Make it Fun + Hola Elected Officials
The world’s #1 language learning app admits language learning is f*&$ing hard
We all know that New Year brings the all too familiar resolutions list, but it’s not an easy task taking up a new language. It can be humiliating, frustrating, daunting and even with the best intentions, sooner or later life or laziness gets in the way. ‘Make it Fun’ (our first campaign for Duolingo) recognizes this hard task while reminding people that with its product they can learn in a fun, free and effective way.
The global campaign stars Duolingo’s ever-encouraging mascot Duo the owl and his animated friends. Together they deliver the truth about language learning through the medium of animated musical theater. Playing out via a huge range of assets across TV, digital, display, in-app and social, the lovable cast of characters face the onslaught of setbacks and stumbles that often come with learning a language. Through these torturous moments, an upbeat track reminds us that while learning a language is hard – with fun (and Duolingo), it can be done. In the words of the song, “Language learning is hard, so we made it fun.”
Developing the idea during US election season (2020), it became clear that American politicians were a particularly relevant audience for the campaign. With around 41 million Americans speaking Spanish at home, many politicians spoke a few words of the language on the campaign trail, or attempted to at least. But Duolingo feared that these valiant attempts at language learning would fall by the wayside once the votes were cast, as they have in the past.
So, at the start of 2021, as newly-elected officials gathered in Washington DC to begin their time in office, we targeted this audience very specifically. A message of encouragement addressed them in The Washington Post’s Capitol Hill edition, which was exclusively delivered to subscribers in the Senate and House office buildings. To help spread the message even further, the same line was been printed on a Washington DC bus driving past government offices along its route.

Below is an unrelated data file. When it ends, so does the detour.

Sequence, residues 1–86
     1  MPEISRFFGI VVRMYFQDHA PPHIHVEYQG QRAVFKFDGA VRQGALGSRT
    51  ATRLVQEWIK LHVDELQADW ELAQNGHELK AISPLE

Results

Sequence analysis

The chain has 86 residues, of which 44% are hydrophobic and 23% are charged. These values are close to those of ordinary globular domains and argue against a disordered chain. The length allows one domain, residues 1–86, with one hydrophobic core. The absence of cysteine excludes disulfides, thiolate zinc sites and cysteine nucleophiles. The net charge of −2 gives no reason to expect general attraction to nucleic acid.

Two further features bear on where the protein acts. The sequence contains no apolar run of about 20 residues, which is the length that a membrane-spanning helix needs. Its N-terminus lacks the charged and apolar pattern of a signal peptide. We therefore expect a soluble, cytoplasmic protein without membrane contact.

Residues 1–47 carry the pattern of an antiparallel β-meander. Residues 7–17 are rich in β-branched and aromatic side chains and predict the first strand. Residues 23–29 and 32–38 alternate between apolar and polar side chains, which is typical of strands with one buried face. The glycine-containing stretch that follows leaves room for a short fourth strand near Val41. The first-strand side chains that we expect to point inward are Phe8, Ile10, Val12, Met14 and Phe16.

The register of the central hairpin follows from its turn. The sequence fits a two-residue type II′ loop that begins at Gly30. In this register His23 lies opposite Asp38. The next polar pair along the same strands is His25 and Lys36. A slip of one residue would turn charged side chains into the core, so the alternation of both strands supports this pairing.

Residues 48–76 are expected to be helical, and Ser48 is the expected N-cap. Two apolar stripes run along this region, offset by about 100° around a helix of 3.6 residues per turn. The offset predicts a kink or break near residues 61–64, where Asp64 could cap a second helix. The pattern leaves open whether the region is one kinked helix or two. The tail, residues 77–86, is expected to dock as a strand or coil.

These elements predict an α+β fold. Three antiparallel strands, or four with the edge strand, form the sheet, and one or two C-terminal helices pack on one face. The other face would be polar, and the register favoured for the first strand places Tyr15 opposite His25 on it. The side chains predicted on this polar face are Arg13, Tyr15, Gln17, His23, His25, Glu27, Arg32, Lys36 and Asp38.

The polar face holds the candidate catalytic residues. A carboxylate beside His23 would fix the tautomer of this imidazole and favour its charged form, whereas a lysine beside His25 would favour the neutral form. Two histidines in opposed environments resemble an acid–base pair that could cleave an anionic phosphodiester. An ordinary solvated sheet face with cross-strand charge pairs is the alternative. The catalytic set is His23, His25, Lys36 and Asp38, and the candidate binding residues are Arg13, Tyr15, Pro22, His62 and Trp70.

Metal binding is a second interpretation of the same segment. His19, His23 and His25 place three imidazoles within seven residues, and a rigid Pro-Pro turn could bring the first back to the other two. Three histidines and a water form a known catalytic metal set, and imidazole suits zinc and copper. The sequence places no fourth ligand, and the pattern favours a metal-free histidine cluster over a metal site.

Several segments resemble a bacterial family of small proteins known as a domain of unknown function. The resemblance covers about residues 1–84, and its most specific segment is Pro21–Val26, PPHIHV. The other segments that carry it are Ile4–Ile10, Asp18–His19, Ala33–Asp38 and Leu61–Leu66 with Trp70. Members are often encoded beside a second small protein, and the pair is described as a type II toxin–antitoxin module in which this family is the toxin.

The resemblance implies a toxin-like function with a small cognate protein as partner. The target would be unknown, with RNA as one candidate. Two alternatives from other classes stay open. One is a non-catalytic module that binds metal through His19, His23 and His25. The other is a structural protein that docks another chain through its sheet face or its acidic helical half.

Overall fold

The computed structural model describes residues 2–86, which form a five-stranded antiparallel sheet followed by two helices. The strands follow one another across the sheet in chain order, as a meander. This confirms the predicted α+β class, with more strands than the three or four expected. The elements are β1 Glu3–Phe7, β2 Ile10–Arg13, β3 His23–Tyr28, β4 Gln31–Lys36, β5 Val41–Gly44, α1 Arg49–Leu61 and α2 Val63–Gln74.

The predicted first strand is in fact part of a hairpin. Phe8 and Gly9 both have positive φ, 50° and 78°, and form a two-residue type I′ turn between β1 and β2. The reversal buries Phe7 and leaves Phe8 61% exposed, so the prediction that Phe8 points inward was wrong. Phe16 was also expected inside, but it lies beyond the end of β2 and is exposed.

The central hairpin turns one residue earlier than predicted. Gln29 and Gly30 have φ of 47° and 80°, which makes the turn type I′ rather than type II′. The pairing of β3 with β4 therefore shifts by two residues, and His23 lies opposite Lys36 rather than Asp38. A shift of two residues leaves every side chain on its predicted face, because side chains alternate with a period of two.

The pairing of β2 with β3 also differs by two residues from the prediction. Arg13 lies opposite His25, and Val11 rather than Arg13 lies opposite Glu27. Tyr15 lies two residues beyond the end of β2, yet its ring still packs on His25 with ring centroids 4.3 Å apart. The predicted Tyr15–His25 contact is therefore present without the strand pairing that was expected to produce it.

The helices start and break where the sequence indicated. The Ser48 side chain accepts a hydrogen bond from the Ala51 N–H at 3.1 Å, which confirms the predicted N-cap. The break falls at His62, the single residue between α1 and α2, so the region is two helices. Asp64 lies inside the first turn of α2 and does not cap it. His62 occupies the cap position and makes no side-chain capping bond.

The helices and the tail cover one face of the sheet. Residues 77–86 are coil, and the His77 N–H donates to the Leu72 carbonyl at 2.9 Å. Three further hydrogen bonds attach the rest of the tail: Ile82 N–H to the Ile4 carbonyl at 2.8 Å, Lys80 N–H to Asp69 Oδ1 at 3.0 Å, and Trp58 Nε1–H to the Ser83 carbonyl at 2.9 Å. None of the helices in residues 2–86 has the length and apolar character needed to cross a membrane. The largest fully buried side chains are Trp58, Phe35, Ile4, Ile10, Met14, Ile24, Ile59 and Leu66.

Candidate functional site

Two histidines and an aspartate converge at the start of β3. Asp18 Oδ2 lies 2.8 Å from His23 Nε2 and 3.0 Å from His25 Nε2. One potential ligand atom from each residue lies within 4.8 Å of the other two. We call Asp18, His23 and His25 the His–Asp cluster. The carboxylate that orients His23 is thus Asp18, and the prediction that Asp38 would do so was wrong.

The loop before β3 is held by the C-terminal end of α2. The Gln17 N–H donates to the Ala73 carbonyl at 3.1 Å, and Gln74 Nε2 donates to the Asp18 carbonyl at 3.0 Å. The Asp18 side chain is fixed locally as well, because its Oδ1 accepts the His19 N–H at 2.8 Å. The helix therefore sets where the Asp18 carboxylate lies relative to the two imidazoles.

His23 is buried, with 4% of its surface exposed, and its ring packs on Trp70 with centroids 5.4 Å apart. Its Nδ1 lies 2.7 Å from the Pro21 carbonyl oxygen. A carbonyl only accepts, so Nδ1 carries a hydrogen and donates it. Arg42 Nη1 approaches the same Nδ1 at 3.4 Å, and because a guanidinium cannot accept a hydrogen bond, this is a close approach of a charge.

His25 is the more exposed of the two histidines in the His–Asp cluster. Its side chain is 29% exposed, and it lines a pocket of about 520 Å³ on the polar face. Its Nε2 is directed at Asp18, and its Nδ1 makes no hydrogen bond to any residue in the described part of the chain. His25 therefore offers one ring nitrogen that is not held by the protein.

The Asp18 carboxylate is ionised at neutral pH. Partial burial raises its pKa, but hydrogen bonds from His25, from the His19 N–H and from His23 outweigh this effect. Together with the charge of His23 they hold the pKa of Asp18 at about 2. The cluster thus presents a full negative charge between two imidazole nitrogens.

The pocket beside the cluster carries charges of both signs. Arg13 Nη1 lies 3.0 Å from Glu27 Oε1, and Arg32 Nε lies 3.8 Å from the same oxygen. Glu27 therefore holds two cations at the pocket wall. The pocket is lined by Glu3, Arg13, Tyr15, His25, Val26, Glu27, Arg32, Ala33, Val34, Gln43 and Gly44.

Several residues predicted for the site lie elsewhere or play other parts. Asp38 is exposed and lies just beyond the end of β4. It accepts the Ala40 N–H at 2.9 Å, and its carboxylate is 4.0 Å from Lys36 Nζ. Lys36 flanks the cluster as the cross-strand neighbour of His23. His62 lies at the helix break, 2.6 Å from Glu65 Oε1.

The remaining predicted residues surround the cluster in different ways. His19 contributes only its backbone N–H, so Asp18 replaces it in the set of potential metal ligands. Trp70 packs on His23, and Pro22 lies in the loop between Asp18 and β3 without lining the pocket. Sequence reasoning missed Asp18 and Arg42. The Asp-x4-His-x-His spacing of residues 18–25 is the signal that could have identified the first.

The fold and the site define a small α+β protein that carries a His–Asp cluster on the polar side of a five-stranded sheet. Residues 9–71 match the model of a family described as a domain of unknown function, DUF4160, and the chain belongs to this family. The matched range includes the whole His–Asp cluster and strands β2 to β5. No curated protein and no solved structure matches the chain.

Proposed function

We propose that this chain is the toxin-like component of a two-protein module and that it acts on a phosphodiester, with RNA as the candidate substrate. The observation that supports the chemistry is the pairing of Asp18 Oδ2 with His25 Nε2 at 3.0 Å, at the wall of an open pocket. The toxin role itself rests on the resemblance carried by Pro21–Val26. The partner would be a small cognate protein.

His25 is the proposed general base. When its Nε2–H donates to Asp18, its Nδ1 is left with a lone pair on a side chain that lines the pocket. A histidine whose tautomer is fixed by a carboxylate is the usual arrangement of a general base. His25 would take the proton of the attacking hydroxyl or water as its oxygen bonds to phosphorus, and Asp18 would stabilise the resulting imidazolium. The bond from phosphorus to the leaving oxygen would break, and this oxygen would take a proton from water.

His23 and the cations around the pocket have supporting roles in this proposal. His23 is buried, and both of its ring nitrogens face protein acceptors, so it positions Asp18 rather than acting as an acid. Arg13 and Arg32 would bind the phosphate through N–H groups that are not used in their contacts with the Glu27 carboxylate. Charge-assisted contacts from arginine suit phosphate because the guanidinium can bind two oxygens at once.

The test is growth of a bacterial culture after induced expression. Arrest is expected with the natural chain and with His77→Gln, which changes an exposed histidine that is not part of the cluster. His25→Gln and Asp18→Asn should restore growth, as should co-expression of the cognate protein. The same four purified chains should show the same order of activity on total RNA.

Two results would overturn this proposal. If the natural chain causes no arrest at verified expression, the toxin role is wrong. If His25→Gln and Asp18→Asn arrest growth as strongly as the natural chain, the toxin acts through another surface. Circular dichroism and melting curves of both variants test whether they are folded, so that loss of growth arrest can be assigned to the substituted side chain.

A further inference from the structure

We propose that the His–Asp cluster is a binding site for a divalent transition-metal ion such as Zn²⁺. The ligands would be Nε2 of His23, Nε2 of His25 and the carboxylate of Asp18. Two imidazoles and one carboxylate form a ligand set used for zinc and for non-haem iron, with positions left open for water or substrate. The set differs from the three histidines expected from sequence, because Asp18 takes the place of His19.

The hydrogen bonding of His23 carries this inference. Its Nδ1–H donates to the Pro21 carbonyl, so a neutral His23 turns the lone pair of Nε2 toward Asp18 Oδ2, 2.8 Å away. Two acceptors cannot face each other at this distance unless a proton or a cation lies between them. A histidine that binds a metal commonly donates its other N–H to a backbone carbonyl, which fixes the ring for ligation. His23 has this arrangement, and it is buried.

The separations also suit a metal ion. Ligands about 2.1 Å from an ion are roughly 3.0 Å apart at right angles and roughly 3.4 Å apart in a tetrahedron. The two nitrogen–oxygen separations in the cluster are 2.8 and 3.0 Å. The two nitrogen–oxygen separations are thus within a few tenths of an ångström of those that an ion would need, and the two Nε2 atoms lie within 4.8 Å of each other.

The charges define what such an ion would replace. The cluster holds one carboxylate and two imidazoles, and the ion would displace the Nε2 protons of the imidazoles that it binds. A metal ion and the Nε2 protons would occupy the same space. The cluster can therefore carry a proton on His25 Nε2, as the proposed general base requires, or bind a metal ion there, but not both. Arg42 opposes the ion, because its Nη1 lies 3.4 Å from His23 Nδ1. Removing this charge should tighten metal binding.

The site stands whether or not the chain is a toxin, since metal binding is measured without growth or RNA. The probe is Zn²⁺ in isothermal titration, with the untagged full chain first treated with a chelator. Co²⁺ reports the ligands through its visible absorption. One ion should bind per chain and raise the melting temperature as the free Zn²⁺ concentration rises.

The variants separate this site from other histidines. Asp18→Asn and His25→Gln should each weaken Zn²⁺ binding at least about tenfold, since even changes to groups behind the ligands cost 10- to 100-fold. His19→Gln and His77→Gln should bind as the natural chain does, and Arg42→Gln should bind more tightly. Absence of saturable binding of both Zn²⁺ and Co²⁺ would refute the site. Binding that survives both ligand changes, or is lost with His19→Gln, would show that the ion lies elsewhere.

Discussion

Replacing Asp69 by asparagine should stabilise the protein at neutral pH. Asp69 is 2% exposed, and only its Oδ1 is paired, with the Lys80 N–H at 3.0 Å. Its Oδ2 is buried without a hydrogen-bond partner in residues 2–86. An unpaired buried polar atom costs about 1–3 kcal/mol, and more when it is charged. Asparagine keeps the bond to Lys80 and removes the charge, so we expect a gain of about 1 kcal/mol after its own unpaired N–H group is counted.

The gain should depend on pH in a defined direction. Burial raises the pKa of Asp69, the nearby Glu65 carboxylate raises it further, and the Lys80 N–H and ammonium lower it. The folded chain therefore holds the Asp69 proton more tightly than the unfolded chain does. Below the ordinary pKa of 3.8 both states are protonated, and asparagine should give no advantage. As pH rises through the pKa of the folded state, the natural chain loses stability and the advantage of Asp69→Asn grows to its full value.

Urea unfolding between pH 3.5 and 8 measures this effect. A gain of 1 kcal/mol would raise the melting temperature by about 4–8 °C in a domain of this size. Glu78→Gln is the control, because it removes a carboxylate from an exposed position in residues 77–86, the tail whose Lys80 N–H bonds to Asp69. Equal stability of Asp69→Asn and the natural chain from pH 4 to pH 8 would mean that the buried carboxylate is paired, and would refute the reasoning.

‘Hola Elected Officials’ felt like a natural extension of the global campaign, feeding off a relevant cultural trend. The aim was to encourage politicians to keep (or even start) learning Spanish to help them connect with their Spanish-speaking constituents.
“Language has the power to bring people together. With 41 million Americans speaking Spanish at home, we wanted to encourage newly elected officials in particular to start or keep learning Spanish in order to form deeper connections with their Spanish-speaking constituents. As an immigrant to the US from a Spanish-speaking country myself, this also means a lot to me personally, and I hope our message can help build stronger bonds between voters and their elected officials.” Luis Von Ahn, CEO and co-Founder at Duolingo
To further amplify the message of this campaign, Duolingo partnered with the grassroots political organization Voto Latino Foundation. The organization not only focuses on educating, engaging and empowering a new generation of Latinx voters, but a significant part of their work is dedicated to promoting accountability among the elected officials to meet the needs of their constituents and communities. This went hand in hand with the goal for Hola Elected Officials: encouraging politicians representing Spanish-speaking Americans to stay accountable and on top of their language learning as one way of creating stronger bonds with those they serve.